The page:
The market finally decided it had endured enough selling and put in a strong afternoon reversal. The bar looks nice on a chart, but is it indicative of a longer-term reversal? To test it I ran the following quantitative study (as usual each trade is $100,000):
Over the first 1-7 days, it appears to be a toss-up, but as you look a little bit further out there appears to be a solid edge to the upside. One reason the edge appears to be lower in the first few days is that the market has just made a large move up. Frequently this initial thrust takes a few days to digest (more on that lower down).
What I find especially compelling about this scenario are the size of the average winners – especially when compared to the average loser. If the reversal bar works, the expectation is for somewhere around a 4-5% follow through in the next 2-4 weeks based on these results. Note the win/loss ratios and profit factors once you get out more than 10 days. They’re quite good.
For a more detailed look I evaluated the results 14 days out. That would put us at the end of the month and the next Fed meeting. Obviously no one will be worried about this backtest when the Fed is about to announce.
Fourteen days out 16 of 24 trades were winners. Of those sixteen winners, all of them pulled back at least 0.5% from the reversal day close at some point. The average drawdown among those 16 winners was 2.6%. The largest drawdown among winning trades was 6.6% which occurred after the reversal bar last August 6th. Five of the sixteen winners actually posted a lower low before turning higher again. In other words, it’s probably not neccessary to chase this trade. There will most likely be some backing and filling which should allow for a better entry point or some scaling in.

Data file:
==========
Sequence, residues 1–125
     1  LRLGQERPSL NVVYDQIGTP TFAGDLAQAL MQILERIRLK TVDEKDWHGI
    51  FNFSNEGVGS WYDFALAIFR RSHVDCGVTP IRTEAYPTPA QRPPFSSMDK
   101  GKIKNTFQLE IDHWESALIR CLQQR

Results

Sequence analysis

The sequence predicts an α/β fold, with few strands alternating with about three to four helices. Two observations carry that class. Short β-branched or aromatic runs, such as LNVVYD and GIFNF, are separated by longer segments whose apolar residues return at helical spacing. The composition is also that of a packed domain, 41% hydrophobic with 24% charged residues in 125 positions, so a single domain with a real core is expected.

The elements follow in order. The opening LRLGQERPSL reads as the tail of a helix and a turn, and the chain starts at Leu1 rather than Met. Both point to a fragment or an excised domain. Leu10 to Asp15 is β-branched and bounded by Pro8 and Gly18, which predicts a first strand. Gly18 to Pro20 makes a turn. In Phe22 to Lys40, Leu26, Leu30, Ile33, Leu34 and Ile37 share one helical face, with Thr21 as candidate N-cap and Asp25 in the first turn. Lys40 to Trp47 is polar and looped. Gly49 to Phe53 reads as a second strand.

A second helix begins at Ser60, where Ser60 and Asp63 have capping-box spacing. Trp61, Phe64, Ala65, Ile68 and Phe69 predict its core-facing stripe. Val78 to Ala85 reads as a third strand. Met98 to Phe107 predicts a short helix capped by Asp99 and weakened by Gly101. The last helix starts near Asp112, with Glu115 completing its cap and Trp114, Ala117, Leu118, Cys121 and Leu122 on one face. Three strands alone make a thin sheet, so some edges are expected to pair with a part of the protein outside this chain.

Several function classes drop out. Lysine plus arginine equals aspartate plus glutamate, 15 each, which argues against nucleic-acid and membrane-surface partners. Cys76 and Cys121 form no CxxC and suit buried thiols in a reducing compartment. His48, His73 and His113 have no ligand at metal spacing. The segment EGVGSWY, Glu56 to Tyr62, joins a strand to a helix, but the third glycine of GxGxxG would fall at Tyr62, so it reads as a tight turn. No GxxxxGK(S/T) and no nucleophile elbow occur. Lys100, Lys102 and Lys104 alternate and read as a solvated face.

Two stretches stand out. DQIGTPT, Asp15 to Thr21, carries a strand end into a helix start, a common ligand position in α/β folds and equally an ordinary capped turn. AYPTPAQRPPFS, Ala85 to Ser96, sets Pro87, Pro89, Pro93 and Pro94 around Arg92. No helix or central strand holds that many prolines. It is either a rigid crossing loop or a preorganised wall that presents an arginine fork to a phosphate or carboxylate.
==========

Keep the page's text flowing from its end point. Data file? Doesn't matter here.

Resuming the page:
This one gets stamped “quantifiable edge”.
I saw several articles and blogs today that suggested strong upside edges were in place. This opposed my findings from last night. Only one of these bothered to show any statistics. When I saw this I decided I had made a mistake in not showing data to go along with my comments. Below are two studies that typified what I was seeing last night.
The first looks at buying the Nasdaq any time it closes lower 8 days in a row and selling X days later.
The second looks at buying the S&P 500 any time the S&P, Dow and Nasdaq all close with an 8-period RSI below 25 and selling X days later.
$100,000 per trade.
I found no compelling evidence for an immediate bounce with these studies. When adding additional trend and breakdown filters as I mentioned last night, the numbers looked even worse.
Perhaps a true washout or a solid reversal could get us the quantifiable edge we seek…
The first 5 days of 2008 have been brutal – and so were the last 3 days of 2007. The Nasdaq has finished lower all 8 days while the S&P 500 and Dow 30 each have had two marginally up days during the period. After all this selling you would think there would be some solid quantifiable edges based on price oscillators.
I ran several tests tonight looking at such things as RSI, Stochastics, percent drops and consecutive lower closes on the major indices. The story was the same whereever I looked. Chances of a bounce within the next 3-5 days weren’t much better than a coin flip. When I took into account the longer term picture of the market and included such factors as the market is trading below its major moving averages or that is has just recently broken below consolidation levels the results looked even worse. In most cases risks outpaced rewards by a fair amount and a coin flip was generous odds.